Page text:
Inside a $1 Million Measuring Tool: Our Custom AICON 3D Arena
This scanning system is powerful enough to turn your fingerprint into a vast topographic map. Learn how structured-light 3D scanning is evolving vehicle design and manufacturing quality control.
Metrology in Manufacturing
In a perfect world, a component could be mass-produced without error, every single time – each product an exact duplication of the digital CAD model it was based upon. Unfortunately, this level of perfection is yet unrealistic in today’s manufacturing world.
The expected wear-and-tear of instruments, equipment falling out of calibration, and even facility temperature and humidity can subtly morph crafted components out of spec – a micrometer at a time. For a carmaker, a wrongly manufactured part can have costly implications.
To solve this problem, metrology – the study of measurement – has become more and more important in the production process. The field has advanced drastically over the last century, from calipers to Coordinate Measuring Machines (CMM) – devices with mechanical six-axis arms that probe an object’s surface, recording each point-of-contact before mapping its geometry in a three-dimensional space.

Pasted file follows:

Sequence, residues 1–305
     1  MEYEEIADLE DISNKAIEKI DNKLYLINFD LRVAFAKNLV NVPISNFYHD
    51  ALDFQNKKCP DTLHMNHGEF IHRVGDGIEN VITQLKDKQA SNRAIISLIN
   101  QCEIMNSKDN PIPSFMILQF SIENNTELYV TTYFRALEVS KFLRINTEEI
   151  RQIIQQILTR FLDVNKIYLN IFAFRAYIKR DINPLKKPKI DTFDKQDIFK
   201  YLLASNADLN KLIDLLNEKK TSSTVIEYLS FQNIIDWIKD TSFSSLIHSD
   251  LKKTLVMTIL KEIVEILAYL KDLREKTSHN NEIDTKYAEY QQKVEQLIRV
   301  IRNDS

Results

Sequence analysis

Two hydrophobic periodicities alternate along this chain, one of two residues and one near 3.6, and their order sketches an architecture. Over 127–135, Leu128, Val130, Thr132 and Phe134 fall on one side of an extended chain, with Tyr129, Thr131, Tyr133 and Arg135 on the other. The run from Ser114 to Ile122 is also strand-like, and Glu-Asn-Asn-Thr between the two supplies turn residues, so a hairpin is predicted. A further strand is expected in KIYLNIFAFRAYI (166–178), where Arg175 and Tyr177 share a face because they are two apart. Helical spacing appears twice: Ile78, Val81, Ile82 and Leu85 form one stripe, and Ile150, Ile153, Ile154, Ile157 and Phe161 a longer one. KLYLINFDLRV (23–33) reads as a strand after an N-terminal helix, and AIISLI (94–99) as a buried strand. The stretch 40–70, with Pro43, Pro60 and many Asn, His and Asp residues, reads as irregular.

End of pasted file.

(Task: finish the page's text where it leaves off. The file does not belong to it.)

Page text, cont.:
Laser scanning systems were the next step in speeding up and digitizing the process of recording physical methodologies, but accuracy was still something the industry sought to improve.
Structured-light 3D scanning is the latest “must have” technology in this field – it is extremely accurate, efficient, unobtrusive, and user-friendly.
An operator prepares a suspension component for scanning to compare its construction against its original CAD design.
What is Structured-Light 3D Scanning?
Structured-light 3D scanning is a method of measurement based on the way that light reacts upon solid surface contact. These scanning systems project light patterns onto objects to calculate how those patterns deform across their surfaces with hypersensitive cameras. This process effectively captures an object’s every curve and facet to digitize its exact three-dimensional geometry.